SARE Southern: Richard & Peggy Sechrist
Managed Grazing Brings Herd Closer to Holistic Vision

By Keith Richards

Farm at a Glance

Richard & Peggy Sechrist
Fredericksburg, Texas

Summary of Operation
50-head beef cattle herd and 750-1,000 pastured chickens per month
Organic certified beef and poultry sold partially at off-site store

Problems Addressed
Aversion to agri-chemicals.
After setting a goal of having a chemical-free ranch, partly because family members had suffered chemical sensitivities, Richard and Peggy Sechrist developed organic enterprises and marketing channels that would financially reward their choice.

Low prices. By selling their products as certified organic, adding value to their products and creating a regional marketing system that is friendlier to small producers, they hope to sustain their own ranch as well as those of like-minded neighbors.

Excerpted from:

The New American Farmer: Profiles of Agricultural Innovation

By the Sustainable Agriculture Research and Education (SARE) program
© 2003, Beltsville MD. Used by permission. Pp. 100 to 102

For complete text or to order: www.sare.org/newfarmer

To contact SARE:
Phone (301) 504-6425
Fax (301) 504-5207

Deep in south central Texas, where drought can squeeze the life out of the most promising dreams, Richard and Peggy Sechrist have been building an oasis of sustainability on Richard’s family ranch.

It is befitting that Richard met Peggy while attending a Holistic Resource Management class she was teaching in 1994; they credit holistic management as key to their accomplishments. After they married late in 1994, the Sechrists went through a process — along with Richard’s three sisters, who are their business partners — of setting three-part holistic goals for their ranch. Richard says it was critical to their day-to-day work because now every decision has a clear foundation.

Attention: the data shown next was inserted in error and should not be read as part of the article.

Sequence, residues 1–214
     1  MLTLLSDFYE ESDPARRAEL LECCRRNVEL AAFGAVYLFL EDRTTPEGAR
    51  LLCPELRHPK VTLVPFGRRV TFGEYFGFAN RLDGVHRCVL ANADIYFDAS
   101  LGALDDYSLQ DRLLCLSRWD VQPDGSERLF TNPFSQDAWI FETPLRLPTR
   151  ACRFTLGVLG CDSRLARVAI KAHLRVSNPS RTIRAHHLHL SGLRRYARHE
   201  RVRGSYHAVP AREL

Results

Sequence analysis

“Our initial goal concerned quality of life values,” Peggy says. “One of the highest priorities was to be chemical free since both our families have experienced chemical sensitivities.”

Focal Point of Operation —
Managed grazing, marketing of cattle and poultry
The Sechrists established a management-intensive grazing system for cattle in their dry, brittle environment. They use all organic practices for herd health and low-stress handling techniques. They’ve added pastured poultry and egg production to the ranch, and are working with a local, family-owned processing plant where they can cut up chickens and process beef. Their ranch was the first to be certified organic by the Texas Department of Agriculture, and their poultry and beef are certified organic by Quality Assurance International (QAI).